A player, coach or issue that should be on your radar as training camp approaches.
The Atlanta Falcons used third- and fourth-round selections on offensive linemen in this past draft, but it looks like they will enter the 2010 season with the same starting line from a year ago. That sort of continuity up front often pays dividends, but this group took a step backward last season after a very strong 2008 campaign. This held true for pretty much the whole Atlanta offense, though the Falcons did battle a lot of injuries last season on this side of the ball, especially at the skill positions.
Atlanta's offensive line took a step back last season after a solid 2008 campaign.
The Atlanta offense could be poised for a rebound season in 2010, but the line has to do its part. One year ago, I thought the Falcons’ offense could be as good as any in the league. While my opinion as a whole isn’t quite as strong now, this group does have the ability to be dominant and score a ton of points.
When you look at the Falcons’ offensive front from left to right, there really isn’t anyone who stands out as an elite player at his position. Still, this group is well-coached, tough and nasty and really holds its own both as run blockers and in protection of quarterback Matt Ryan. Atlanta allowed only nine sacks in its first seven games last year.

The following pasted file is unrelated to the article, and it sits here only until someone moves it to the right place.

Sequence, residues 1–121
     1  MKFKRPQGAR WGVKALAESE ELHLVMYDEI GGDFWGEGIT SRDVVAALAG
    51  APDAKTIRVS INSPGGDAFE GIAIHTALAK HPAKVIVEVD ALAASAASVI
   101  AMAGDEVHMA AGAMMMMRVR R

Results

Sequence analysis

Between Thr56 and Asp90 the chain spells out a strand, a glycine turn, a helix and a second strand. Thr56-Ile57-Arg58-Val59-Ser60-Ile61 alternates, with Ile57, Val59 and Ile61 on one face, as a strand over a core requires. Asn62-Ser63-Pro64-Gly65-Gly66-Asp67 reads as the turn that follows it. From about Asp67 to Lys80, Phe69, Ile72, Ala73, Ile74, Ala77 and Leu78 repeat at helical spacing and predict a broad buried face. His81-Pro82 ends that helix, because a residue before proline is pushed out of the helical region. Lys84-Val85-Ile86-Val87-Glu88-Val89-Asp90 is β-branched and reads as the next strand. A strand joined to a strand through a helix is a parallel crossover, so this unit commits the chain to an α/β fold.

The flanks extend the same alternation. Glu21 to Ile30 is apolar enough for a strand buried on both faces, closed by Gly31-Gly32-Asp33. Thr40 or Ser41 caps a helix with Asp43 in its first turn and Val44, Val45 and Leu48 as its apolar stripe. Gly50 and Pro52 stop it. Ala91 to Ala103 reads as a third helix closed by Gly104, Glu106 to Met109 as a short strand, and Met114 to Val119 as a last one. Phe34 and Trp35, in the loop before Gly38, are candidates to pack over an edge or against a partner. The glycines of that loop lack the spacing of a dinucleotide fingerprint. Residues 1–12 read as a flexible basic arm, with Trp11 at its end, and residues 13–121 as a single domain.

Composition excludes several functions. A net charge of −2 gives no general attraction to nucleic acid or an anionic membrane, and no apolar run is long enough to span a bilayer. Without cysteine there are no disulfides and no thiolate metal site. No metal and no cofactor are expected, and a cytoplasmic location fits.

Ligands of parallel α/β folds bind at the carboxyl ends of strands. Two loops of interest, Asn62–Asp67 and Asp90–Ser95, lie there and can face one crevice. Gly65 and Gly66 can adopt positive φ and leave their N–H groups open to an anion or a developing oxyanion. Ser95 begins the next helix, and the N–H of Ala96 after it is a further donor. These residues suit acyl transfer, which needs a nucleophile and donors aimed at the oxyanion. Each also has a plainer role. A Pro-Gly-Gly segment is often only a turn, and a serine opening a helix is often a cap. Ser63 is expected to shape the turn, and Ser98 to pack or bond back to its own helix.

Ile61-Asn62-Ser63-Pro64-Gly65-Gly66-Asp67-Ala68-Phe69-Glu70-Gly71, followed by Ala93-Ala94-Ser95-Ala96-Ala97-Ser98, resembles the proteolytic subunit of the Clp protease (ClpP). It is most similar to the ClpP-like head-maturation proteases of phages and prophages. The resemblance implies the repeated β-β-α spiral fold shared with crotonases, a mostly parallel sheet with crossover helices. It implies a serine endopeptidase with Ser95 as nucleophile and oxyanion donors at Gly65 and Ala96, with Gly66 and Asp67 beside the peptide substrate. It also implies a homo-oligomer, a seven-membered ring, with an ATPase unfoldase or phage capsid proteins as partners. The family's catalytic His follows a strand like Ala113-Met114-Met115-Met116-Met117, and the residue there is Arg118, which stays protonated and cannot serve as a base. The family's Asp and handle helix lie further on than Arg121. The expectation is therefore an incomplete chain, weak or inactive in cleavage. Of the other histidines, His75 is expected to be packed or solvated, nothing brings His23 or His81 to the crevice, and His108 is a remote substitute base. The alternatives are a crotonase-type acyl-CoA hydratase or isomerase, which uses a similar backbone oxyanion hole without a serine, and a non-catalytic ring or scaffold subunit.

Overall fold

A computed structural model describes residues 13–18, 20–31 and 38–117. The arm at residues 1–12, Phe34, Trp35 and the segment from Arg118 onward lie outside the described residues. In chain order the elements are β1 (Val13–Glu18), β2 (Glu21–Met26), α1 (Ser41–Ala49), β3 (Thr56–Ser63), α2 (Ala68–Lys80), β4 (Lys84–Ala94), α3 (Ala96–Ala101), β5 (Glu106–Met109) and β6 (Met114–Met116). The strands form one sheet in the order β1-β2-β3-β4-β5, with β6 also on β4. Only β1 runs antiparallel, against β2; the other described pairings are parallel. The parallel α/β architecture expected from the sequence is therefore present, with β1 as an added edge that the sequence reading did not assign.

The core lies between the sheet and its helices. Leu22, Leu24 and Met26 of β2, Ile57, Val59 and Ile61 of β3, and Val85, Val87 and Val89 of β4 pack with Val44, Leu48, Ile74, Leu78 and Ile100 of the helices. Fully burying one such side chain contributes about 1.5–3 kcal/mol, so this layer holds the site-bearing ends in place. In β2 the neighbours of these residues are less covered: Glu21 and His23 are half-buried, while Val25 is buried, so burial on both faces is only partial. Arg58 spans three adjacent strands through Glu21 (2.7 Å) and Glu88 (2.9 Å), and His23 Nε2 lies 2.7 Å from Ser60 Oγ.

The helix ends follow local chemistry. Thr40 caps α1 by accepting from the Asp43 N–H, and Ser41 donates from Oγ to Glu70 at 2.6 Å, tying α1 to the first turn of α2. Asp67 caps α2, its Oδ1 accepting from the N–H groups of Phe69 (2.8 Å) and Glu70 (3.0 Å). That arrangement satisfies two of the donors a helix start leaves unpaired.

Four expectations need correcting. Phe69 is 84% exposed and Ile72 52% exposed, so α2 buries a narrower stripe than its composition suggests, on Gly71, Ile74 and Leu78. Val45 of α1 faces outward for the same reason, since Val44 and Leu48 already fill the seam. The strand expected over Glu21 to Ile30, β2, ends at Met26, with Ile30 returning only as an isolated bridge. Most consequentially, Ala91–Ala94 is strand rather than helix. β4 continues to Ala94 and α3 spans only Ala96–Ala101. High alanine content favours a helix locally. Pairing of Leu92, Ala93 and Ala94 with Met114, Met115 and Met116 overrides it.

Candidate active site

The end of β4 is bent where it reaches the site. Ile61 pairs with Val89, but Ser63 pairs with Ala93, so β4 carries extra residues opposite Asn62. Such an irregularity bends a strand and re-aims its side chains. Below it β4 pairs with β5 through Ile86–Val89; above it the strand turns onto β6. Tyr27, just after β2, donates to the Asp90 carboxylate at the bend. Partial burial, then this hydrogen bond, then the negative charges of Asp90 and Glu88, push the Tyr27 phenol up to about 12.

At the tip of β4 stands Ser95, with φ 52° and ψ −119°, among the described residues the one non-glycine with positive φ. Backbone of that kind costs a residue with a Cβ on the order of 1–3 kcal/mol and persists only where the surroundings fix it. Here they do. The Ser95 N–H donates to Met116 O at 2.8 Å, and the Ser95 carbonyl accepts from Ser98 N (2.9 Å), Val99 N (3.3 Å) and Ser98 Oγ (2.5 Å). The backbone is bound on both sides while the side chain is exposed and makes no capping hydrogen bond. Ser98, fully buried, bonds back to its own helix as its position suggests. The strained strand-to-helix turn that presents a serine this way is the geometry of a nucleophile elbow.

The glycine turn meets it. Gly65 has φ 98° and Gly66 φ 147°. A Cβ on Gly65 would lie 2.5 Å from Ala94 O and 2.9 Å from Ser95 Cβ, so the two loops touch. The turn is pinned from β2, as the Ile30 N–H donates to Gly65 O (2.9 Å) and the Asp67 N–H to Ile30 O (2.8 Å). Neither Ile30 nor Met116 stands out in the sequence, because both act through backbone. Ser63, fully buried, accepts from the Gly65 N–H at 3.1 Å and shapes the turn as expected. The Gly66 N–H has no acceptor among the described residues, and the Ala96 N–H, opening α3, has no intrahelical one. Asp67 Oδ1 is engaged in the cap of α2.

Ryan gets the ball out of his hands quickly and has a very good understanding of timing with an excellent internal clock -- especially for such a young quarterback. Obviously this helps the line’s protection quite a bit. But collectively, they are no slouches in protection either. Left tackle Sam Baker is quite possibly the weakest link in this area. Baker has been injured a lot in his short career and plays a very difficult position, but he has to step up in 2010. He is a good technician in protection, but doesn’t have elite agility or body length. He also could stand to add more power in the run game.
At the other tackle spot, Tyson Clabo has a reputation as a mauling run blocker, but his protection was much stronger than his ability to pave the way in the run game in 2009. Although not spectacular, he is a very solid all-around right tackle.
In the run game, left guard Justin Blalock was the greatest liability, but like Baker in protection, he does have impressive physical attributes and could quickly improve. Plus, like Baker, he is young. But Blalock needs to play up to this potential or he could be watching from the sideline.
No one ever mentions Todd McClure among the better centers in this league, but he is a very solid all-around player. He isn’t always pretty, but he gets the job done. McClure deserves much more credit than he receives.
Atlanta is also set in terms of offensive line depth after drafting Mike Johnson and Joe Hawley to improve its interior depth and potentially provide dividends as starters down the line. Blalock should worry that his play won’t be tolerated much longer. Meanwhile, Quinn Ojinnaka and Will Svitek are pretty solid backups on the edges. Ojinnaka is also able to play guard without being a liability on a week-to-week basis. Garrett Reynolds, a 2008 fifth-rounder, could also show improvement as a depth player. Those depth linemen don’t sound stellar, but when compared to what most of the other teams have, it is extremely strong.
Overall, this is a good -- and vastly underrated -- unit. Expect the Falcons’ offensive line to play more like it did in 2008 than it did a year ago.